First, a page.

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Mandera v. Colvin

United States District Court, E.D. Arkansas, Jonesboro Division

January 3, 2017

JAMES MANDERA PLAINTIFF
v.
CAROLYN W. COLVIN, ACTING COMMISSIONER OF SOCIAL SECURITY ADMINISTRATION DEFENDANT

          ORDER

         I. Introduction:

         Plaintiff, James Mandera, applied for disability benefits on August 5, 2012, alleging a disability onset date of November 8, 2011. (Tr. at 14). After conducting a hearing, the Administrative Law Judge (“ALJ”) denied his application. (Tr. at 24). The Appeals Council denied his request for review. (Tr. at 1). The ALJ's decision now stands as the final decision of the Commissioner, and Mandera has requested judicial review.

         For the reasons stated below, the Court[1] reverses the ALJ's decision and remands for further review.

         II. The Commissioner's Decision:

         The ALJ found that Mandera had not engaged in substantial gainful activity since the onset date of November 8, 2011. (Tr. at 16). The ALJ found at Step Two that Mandera had the following severe impairments: right shoulder internal derangement post repair, status-post right shoulder arthroscopy, bipolar disorder, and anxiety disorder. Id. At Step Three, the ALJ determined that Mandera's impairments did not meet or equal a listed impairment. Id. Before proceeding to Step Four, the ALJ determined that Mandera had the residual functional capacity (“RFC”) to perform light work with the following restrictions: 1) only occasional stooping, crouching, crawling, and kneeling; 2) only occasional overhead reaching bilaterally; 3) work where interpersonal contact is limited to little interaction, such as answering simple questions and responding appropriately to supervisors and co-workers; 4) interaction with the public is infrequent and not considered to be an essential job duty; 5) complexity of tasks can be learned by demonstration or repetition within 30 days, with few variables and little judgment; and 6) supervision required is simple, direct, and concrete. (Tr. at 18). Next, the ALJ found that Mandera is not capable of performing past relevant work. (Tr. at 22). At Step Five, the ALJ relied on the testimony of a Vocational Expert ("VE") to find that, based on Mandera's age, education, work experience and RFC, jobs existed in significant numbers in the national economy that he could perform at the light level, specifically, small products assembler and machine feeder. (Tr. at 23). Based on that Step Five determination, the ALJ held that Mandera was not disabled. Id.

         III. Discussion:

         A. Standard of Review

         The Court's role is to determine whether the Commissioner's findings are supported by substantial evidence. Prosch v. Apfel, 201 F.3d 1010, 1012 (8th Cir. 2000). “Substantial evidence” in this context means less than a preponderance but more than a scintilla. Slusser v. Astrue, 557 F.3d 923, 925 (8th Cir. 2009). In other words, it is “enough that a reasonable mind would find it adequate to support the ALJ's decision.” Id. (citation omitted). The Court must consider not only evidence that supports the Commissioner's decision, but also evidence that supports a contrary outcome. The Court cannot reverse the decision, however, “merely because substantial evidence exists for the opposite decision.” Long v. Chater, 108 F.3d 185, 187 (8th Cir. 1997) (quoting Johnson v. Chater, 87 F.3d 1015, 1017 (8th Cir. 1996)).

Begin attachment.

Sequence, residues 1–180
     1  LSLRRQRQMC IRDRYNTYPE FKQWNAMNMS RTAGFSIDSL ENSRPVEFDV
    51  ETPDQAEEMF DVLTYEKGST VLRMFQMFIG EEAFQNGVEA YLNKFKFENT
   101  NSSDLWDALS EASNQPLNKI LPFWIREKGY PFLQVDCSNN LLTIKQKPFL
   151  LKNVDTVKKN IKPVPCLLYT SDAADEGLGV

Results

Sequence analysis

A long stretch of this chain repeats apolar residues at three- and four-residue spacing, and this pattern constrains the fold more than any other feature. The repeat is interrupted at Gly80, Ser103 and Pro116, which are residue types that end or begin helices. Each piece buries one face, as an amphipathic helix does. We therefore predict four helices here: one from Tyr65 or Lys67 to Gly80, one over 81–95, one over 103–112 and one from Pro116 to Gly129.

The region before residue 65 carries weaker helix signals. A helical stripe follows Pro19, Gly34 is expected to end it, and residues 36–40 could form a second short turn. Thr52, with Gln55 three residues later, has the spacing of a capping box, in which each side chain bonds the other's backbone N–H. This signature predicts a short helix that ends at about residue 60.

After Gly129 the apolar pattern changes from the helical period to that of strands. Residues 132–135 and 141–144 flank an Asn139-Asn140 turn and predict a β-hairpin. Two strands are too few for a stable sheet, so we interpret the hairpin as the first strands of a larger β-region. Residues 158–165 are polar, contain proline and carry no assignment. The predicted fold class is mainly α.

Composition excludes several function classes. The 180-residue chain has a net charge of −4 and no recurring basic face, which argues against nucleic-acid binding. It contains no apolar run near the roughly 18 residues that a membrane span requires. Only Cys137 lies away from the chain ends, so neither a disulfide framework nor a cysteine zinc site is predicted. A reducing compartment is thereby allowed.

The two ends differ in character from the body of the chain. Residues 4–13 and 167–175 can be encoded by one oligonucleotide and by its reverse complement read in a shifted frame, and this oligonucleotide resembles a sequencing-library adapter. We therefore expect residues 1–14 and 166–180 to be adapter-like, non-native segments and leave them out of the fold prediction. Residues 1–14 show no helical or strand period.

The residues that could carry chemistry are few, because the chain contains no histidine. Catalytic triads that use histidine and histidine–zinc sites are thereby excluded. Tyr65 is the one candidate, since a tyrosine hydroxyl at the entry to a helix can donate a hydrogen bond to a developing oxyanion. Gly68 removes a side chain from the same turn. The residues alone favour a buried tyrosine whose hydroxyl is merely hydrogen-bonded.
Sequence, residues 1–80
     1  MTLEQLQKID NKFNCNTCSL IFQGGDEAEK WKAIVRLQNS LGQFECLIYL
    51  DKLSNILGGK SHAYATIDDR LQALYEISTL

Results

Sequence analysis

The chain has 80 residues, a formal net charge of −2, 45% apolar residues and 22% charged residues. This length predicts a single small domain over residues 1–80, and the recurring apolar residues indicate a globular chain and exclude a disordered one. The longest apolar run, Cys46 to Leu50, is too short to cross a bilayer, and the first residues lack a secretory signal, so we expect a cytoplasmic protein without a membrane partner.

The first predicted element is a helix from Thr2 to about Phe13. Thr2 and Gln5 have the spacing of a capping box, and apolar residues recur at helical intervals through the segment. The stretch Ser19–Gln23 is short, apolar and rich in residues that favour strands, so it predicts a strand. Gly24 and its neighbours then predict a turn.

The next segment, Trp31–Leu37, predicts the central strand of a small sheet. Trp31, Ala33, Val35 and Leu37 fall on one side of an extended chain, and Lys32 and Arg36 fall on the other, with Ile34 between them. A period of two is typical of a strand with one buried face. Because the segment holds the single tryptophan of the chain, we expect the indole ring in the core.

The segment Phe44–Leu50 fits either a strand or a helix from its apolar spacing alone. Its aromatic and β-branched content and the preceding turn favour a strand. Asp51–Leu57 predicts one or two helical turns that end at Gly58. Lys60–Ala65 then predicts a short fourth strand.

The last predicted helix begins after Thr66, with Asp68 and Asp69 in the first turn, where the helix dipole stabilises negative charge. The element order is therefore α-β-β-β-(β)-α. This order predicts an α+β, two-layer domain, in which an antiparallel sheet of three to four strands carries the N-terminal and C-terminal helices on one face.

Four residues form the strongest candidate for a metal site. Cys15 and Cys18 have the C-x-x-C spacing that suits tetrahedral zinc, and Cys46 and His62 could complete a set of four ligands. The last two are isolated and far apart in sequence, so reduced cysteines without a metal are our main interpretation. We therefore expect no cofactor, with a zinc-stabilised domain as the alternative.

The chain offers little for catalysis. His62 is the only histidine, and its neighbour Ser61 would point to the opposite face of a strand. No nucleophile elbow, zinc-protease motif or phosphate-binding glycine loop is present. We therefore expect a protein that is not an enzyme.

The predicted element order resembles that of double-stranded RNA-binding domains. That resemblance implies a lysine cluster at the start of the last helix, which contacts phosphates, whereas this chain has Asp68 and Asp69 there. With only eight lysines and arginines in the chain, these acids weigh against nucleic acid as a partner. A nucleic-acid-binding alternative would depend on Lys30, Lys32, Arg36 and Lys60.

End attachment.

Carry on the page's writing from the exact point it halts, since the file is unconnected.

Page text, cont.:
B. Mandera's Arguments on Appeal

         Mandera argues that substantial evidence does not support the ALJ's decision to deny benefits. He contends that: 1) the ALJ failed to resolve in his written decision a possible conflict between the VE's testimony and the DOT; and 2) the RFC assessment failed to fully incorporate Mandera's mental impairments. For the following reasons, the Court finds that the ALJ's decision is not supported by substantial evidence.

         Mandera injured his right shoulder on the job at Utility Trailer in early 2011 and sought treatment consistently thereafter. (Tr. 333-36). He underwent nine physical therapy treatments for shoulder pain in April and May 2011. (Tr. at 350, 363-74). He treated with Lortab for shoulder pain after an April 28, 2011 trip to the ER. (Tr. at 297-301). An MRI performed on May 9, 2011 showed possible intrasubstance tear. (Tr. at 351).

         On June 14, 2011, Mandera began seeing Dr. Rob Schechter, M.D., an orthopedist, for evaluation of his shoulder injury. (Tr. at 333-336). Mandera reported that he had continued to work at his full duty job in spite of pain, and that he asked for modifications when necessary; however, his supervisor was not sympathetic to his pain. (Tr. at 333). Dr. Schechter found shoulder pain and limited ROM which was exacerbated by activity. He diagnosed Mandera with pain in shoulder joint, rotator cuff syndrome, calcifying tendinitis in the shoulder, and bicipital tenosynovitis. (Tr. at 335). He gave Mandera a steroid injection, and limited him to light duty work. (Tr. at 336).

         On June 15, 2011, Mandera saw Dr. Jackie White, M.D., his PCP, for headache and vomiting, which he linked to the steroid injection. (Tr. at 393). She prescribed Phenergan. Id.

         On June 28, 2011, Mandera had a follow-up appointment with Dr. Schecter. He reported that treatment was not working: he was no better after the previous steroid injection, physical therapy, and pain medication. (Tr. at 329-332). Dr. Schechter noted the poor response to treatment and suggested shoulder surgery. On June 29, 2011, Dr. Schechter performed right ...


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